Another objection raised by Frank in support of his position is that the Israelites to whom the author of Hebrews wrote were no longer under the old covenant; hence, keeping (or attempting to keep) God’s law – even as an expression of their faith - could not have been a requirement for their eonian salvation. With regards to the old covenant, Frank states that “[the author of Hebrews] emphatically declares” that the old covenant had been “done away.” Contrary to Frank’s assertion, nowhere does the author of Hebrews “emphatically declare the old covenant to be done away.” Of course, the author could have easily said this. But this he did not do. Rather than saying that the old covenant had been “done away,” he instead wrote that the old covenant was “GROWING old and decrepit” and was “NEAR its disappearance” (Heb. 8:13). Since this was true of the old covenant when the author wrote, it would not be true to say that it had already been “done away” by this time.

It’s true that the new covenant was “ratified” or “confirmed” by Christ through his death, but its fulfillment – when what God promised actually goes into effect and is “in force” for all with whom the promise was made - is still future. The future fulfillment of the new covenant is one of a number of things that Christ procured through his death, but which await future realization/fulfillment. The fulfillment of the new covenant will take place when Christ returns to rescue Israel, and brings an end to this present wicked eon (see Rom. 11:25-27).

The time between Christ’s death and his return to the earth is a “transitional” period for Israel, covenantally speaking. Again, even at the time the author of Hebrews wrote (which could’ve been close to forty years after the death of Christ), the old covenant wasn’t yet “done away with.” It was simply “growing old and decrepit” and was “near its disappearance.” It had not “disappeared” at that time, but it will disappear completely when Christ returns and “all Israel is saved.” Moreover, the “nearness” of the disappearance of the old covenant is consistent with the motif of “imminence” that runs throughout the Greek scriptures. James, for example, wrote that the “presence of the Lord is near” and “the Judge stands before the doors.” Peter wrote in his first letter, “Now the consummation of all is near.” Insofar as the nearness of Christ’s return was true then, the disappearance of the old covenant could be said to have been “near” as well, since it is at the consummation referred to by Peter (when the “Chief Shepherd is manifested”) that it will disappear and be replaced by the new covenant.

John’s first letter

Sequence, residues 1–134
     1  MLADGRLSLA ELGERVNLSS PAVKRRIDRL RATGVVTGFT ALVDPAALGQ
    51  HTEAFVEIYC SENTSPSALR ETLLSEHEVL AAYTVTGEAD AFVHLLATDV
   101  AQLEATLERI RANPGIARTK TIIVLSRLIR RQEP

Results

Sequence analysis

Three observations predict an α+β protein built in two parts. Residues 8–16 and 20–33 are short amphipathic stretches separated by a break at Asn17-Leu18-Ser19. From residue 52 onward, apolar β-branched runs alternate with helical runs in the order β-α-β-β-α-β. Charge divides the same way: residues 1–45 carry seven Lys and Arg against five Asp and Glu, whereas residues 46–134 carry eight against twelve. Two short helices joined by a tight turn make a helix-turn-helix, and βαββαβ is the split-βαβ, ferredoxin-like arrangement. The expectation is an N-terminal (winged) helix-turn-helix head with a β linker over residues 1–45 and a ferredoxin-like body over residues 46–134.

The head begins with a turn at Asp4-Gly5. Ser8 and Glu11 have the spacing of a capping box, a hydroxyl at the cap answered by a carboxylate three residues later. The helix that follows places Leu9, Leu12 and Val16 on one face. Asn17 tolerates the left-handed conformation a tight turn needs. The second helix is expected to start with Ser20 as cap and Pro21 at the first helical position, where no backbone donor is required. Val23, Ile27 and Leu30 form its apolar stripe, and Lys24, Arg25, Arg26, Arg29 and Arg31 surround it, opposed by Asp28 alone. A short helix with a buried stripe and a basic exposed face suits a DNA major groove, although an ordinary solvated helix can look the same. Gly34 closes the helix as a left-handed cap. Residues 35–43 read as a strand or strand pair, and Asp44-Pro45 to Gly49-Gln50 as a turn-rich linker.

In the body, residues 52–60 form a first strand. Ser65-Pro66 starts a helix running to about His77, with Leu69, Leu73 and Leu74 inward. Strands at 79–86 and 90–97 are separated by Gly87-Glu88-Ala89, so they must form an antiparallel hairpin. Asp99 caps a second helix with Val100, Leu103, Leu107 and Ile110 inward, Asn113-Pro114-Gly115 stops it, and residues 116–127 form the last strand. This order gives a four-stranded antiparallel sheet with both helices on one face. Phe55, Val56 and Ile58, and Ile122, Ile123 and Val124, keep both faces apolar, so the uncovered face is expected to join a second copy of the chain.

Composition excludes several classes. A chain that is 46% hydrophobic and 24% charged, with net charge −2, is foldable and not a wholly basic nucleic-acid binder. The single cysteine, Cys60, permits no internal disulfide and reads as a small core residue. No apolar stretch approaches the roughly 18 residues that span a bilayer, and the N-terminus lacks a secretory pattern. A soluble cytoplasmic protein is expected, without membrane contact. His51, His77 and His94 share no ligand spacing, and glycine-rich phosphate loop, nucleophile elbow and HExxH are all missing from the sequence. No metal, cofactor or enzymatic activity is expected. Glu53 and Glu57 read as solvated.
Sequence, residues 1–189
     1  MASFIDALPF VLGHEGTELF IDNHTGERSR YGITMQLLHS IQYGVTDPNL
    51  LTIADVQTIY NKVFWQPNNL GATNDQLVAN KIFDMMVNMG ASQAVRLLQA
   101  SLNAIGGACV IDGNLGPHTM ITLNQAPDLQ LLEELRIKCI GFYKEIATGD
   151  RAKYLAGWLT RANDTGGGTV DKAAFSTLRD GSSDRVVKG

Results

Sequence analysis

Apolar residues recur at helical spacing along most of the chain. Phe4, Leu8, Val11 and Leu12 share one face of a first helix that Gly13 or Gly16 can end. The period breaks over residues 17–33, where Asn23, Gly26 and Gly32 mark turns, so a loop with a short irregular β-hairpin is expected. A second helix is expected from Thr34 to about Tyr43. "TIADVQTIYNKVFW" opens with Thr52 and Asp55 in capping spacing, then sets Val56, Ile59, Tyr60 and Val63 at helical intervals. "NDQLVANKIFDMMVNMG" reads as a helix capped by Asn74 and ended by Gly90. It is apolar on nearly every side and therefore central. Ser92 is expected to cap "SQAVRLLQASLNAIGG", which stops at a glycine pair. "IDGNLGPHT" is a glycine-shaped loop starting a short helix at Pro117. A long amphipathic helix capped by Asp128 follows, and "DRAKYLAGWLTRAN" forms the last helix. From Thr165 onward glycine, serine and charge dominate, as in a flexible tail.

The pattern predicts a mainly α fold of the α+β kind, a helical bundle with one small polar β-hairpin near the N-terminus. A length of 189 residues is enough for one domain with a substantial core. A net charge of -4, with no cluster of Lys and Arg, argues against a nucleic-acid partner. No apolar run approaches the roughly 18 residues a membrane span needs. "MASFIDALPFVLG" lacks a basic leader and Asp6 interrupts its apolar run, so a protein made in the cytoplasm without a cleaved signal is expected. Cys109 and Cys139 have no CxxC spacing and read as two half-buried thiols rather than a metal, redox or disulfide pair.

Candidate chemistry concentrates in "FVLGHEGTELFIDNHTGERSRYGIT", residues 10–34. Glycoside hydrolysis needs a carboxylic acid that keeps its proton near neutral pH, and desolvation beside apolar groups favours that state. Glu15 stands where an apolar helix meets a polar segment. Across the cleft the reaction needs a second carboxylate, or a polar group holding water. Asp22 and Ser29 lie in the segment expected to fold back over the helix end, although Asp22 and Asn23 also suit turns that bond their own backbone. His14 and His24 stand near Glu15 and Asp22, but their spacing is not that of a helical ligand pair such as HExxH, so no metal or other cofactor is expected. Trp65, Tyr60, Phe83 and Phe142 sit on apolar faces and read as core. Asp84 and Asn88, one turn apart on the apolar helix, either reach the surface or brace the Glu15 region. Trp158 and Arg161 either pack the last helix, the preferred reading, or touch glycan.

In 1 John 1:6-9, we read:

“If we should be saying that we are having fellowship with Him and should be walking in darkness, we are lying and are not doing the truth. Yet if we should be walking in the light as He is in the light, we are having fellowship with one another, and the blood of Jesus, His Son, is cleansing us from every sin. If we should be saying that we have no sin we are deceiving ourselves, and the truth is not in us. If we should be avowing our sins, He is faithful and just that He may be pardoning us our sins and should be cleansing us from all injustice.”

Notice how, according to John, one’s being cleansed from sin by the blood of Jesus depended on one’s conduct – i.e., “walking in the light as he is in the light,” rather than “walking in darkness.” John and those to whom he wrote were being “cleansed from every sin” by Jesus’ blood if they were doing this. What did John mean by “walking in the light” rather than “in darkness?” In the next chapter it is clear that walking in the light involved “keeping his precepts,” “keeping his word” and thus “walking as he walks” (2:3-6). And to be doing this meant (or at least essentially included) “loving [one’s] brother,” rather than hating one’s brother (vv. 8-11), and “believing in the name of [God’s] Son, Jesus Christ” (3:23-24). Only in keeping these precepts would those to whom John wrote be “remaining in the light” and not “walking in darkness.” Moreover, John explains that one of the reasons for writing was so “that [those to whom he wrote] may not be sinning” (2:1); however, when they did sin, they had to “avow” their sins so that their sins could be pardoned and “cleansed from all injustice.”

John went on to say that it was those who were “doing the will of God” who would be “remaining for the eon” – and, in the immediate context, doing the will of God evidently meant “not loving the world” or “that which is in the world” (1 John 2:15-17). In the larger context of John’s letter, “doing the will of God” involved “keeping [God’s] precepts” and “doing what is pleasing in his sight” (1 John 3:22-24). Only those who remained in Christ would not be “put to shame by him in his presence,” and those who remained in him were those who were “doing righteousness” and were “begotten of him” (2:28-29).